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History and current aims of the Anthropology Department

Anthropologists at the University of California, Davis have established a distinguished record of teaching and research. Recently, the Department has initiated a major phase of expansion and reorganization. Six new faculty members have been recruited over the past two years, and additional searches are either underway or planned. Supplemented by the contributions of an array of anthropologists elsewhere on campus, the Anthropology Department at UC Davis is currently one of the major North American centers for training and research.

David Olmsted, the first anthropologist at UC Davis, began teaching courses in physical anthropology, ethnology, American Indians, language and culture, and the peoples of Africa in the academic year of 1954-55.  His training at Cornell University prepared him in the full four field approach to anthropology, but his specialty was anthropological linguistics.  Martin Baumhoff (UC Berkeley Ph.D.) joined him in 1958 and trained a generation of archaeologists until he passed away in 1983.  Daniel Crowley (Northwestern University Ph.D.) arrived in 1960 and began teaching cultural anthropology courses.

By 1964 the faculty had grown to nine members and offered graduate studies leading to the Ph.D.  One of the earliest graduate students, David Hurst Thomas (Ph.D. 1971), became curator of anthropology at the American Museum of Natural History and was elected to the National Academy of Science in 1989.  By the 1970s the number of permanent faculty grew to 14 and the editorial office of the American Anthropologist under the editorial leadership of David Olmsted resided in the department. In 1990 there were 22 full time faculty members including two members of the National Academy of Science (G. William Skinner and Sarah Hrdy).

In the first decade of the 21st Century anthropology at UC Davis has the great breadth, combined with penetrating depth in focused areas of research.  It ranks among the top 14 anthropology departments in this country, but in several areas it is the program of choice for ambitious students.  Its strength lies not only within the department, but very importantly in the extensive collaborative connections with other graduate research groups (http://gradstudies.ucdavis.edu/programs/graduate_groups.html) including a formal network of faculty in other departments.  These graduate groups and graduate emphases include Animal Behavior, Cultural Studies, Ecology, Genetics, Linguistics, Native American Studies, and Population Biology (and the newly developing graduate groups in Race, Ethnicity and in Comparative Religious Studies), as well as broad-ranging choices for Designated Emphases at the doctoral level, such as Critical Theory, Feminist Theory, Nutrition, Social Theory and Comparative History.


Today, the Department is organized into two distinct but related wings. The Evolutionary Wing comprises biological anthropologists, and archaeologists. Specialties include the study of human and primate biology and behavior in ecological contexts over archaeological and evolutionary timescales. The Evolutionary Wing draws upon the rich resources provided by the natural and behavioral sciences at Davis, such as the graduate groups in Ecology, Population Biology, and Animal Behavior, the California Primate Research Center, and the rich archaeological record of California and neighboring states.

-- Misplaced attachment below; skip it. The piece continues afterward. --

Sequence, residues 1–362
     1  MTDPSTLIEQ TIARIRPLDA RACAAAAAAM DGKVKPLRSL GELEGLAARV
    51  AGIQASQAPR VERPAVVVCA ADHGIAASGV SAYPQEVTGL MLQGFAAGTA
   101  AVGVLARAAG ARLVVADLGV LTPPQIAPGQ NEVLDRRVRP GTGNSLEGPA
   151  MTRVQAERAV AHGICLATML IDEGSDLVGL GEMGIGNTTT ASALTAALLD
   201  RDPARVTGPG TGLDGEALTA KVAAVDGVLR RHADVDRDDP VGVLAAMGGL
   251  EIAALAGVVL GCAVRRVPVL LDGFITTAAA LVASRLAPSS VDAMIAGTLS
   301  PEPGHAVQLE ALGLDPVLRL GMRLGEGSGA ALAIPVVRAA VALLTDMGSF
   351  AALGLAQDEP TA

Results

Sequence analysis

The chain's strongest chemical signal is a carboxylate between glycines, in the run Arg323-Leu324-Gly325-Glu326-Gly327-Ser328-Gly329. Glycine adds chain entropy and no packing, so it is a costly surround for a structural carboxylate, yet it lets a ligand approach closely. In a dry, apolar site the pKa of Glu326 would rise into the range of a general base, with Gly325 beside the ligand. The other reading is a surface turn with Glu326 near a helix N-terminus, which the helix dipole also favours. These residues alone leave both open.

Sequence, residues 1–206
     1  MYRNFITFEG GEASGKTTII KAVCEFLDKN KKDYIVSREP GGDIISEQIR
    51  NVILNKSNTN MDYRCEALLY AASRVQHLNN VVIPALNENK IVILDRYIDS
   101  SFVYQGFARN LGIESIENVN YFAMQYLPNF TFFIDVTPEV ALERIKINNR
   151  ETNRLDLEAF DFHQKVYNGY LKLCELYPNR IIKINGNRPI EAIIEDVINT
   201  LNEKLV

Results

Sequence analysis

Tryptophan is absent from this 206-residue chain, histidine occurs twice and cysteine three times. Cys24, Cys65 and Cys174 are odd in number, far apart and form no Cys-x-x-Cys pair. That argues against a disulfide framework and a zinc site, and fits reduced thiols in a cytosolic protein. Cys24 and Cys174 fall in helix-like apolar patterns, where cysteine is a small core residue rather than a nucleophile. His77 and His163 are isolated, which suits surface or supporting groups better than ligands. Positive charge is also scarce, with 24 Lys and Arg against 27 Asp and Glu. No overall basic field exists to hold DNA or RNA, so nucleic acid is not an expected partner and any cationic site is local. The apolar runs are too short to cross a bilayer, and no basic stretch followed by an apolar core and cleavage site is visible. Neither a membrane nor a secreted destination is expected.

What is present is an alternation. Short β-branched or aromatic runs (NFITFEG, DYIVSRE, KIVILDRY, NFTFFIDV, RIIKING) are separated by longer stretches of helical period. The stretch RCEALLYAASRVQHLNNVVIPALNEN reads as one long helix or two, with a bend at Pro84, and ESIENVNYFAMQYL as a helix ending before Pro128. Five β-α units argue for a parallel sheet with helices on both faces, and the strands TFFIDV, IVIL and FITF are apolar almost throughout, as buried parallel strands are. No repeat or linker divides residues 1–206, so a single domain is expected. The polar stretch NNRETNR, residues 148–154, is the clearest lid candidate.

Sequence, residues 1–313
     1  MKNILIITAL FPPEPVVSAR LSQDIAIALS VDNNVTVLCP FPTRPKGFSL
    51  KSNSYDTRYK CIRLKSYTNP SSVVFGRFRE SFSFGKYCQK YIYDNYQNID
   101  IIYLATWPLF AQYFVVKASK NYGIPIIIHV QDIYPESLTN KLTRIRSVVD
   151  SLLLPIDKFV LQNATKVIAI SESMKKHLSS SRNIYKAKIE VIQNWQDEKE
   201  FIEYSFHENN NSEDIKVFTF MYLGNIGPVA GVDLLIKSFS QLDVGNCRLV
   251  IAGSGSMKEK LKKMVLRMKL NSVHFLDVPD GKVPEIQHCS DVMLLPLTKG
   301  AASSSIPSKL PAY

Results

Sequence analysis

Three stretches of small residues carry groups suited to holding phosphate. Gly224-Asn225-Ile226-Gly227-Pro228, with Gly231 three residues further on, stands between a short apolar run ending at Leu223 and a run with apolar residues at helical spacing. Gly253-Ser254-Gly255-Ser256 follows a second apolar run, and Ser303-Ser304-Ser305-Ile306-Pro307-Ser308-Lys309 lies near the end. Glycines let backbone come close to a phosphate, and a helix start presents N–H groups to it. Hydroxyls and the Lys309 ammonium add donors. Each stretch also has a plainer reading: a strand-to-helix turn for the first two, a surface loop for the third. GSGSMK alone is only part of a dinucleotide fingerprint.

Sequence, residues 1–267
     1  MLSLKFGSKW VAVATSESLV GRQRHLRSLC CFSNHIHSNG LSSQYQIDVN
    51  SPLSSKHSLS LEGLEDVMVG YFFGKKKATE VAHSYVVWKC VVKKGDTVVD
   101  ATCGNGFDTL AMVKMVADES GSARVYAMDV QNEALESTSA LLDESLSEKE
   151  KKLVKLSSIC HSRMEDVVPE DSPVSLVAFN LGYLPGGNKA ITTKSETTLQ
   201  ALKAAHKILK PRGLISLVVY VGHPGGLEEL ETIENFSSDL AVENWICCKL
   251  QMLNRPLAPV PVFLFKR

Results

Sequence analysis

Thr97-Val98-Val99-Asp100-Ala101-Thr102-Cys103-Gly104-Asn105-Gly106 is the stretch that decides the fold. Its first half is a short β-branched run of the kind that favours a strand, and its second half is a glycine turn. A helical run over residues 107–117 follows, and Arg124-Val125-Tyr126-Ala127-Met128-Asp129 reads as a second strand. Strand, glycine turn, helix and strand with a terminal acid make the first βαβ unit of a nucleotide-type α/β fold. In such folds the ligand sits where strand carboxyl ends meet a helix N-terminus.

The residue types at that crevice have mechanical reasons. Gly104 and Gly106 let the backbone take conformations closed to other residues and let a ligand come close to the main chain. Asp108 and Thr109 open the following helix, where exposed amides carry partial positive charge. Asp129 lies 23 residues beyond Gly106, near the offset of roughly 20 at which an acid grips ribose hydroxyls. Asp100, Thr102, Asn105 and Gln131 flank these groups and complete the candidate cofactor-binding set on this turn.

The Sociocultural Wing is composed of social, cultural, and linguistic anthropologists committed to understanding how people organize their lives and interpret their circumstances in the modern/postmodern world. Current faculty give particular emphasis to issues of meaning, language, power, and inequality and to the historical processes in which they are embedded in North, Central and South America, Africa, the Middle East, South, Southeast, and East Asia, Australia and the Pacific.  S-Wing faculty stand out for their work in science and technology studies, feminist theory, medical anthropology, state-building, post-socialist states, knowledge systems and knowledge production, film studies, and world anthropologies.  The Sociocultural Wing draws upon the considerable resources located in the humanities and social sciences at Davis, particularly the Departments of History, Sociology, Women and Gender Studies, Science and Technology Studies, Film Studies, and Linguistics, and the interdisciplinary graduate programs in Social Theory and Comparative History, Cultural Studies, and Critical Theory.

Department Chair:  Lynne A. Isbell

Evolutionary Wing Director:  Teresa Steele

Sociocultural Wing Director:  Alan Klima

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Dept. of Anthropology

328 Young Hall
One Shields Ave.
University of California
Davis, Ca 95616-8522

Ph.  530-752-0745
Fax. 530-752-8885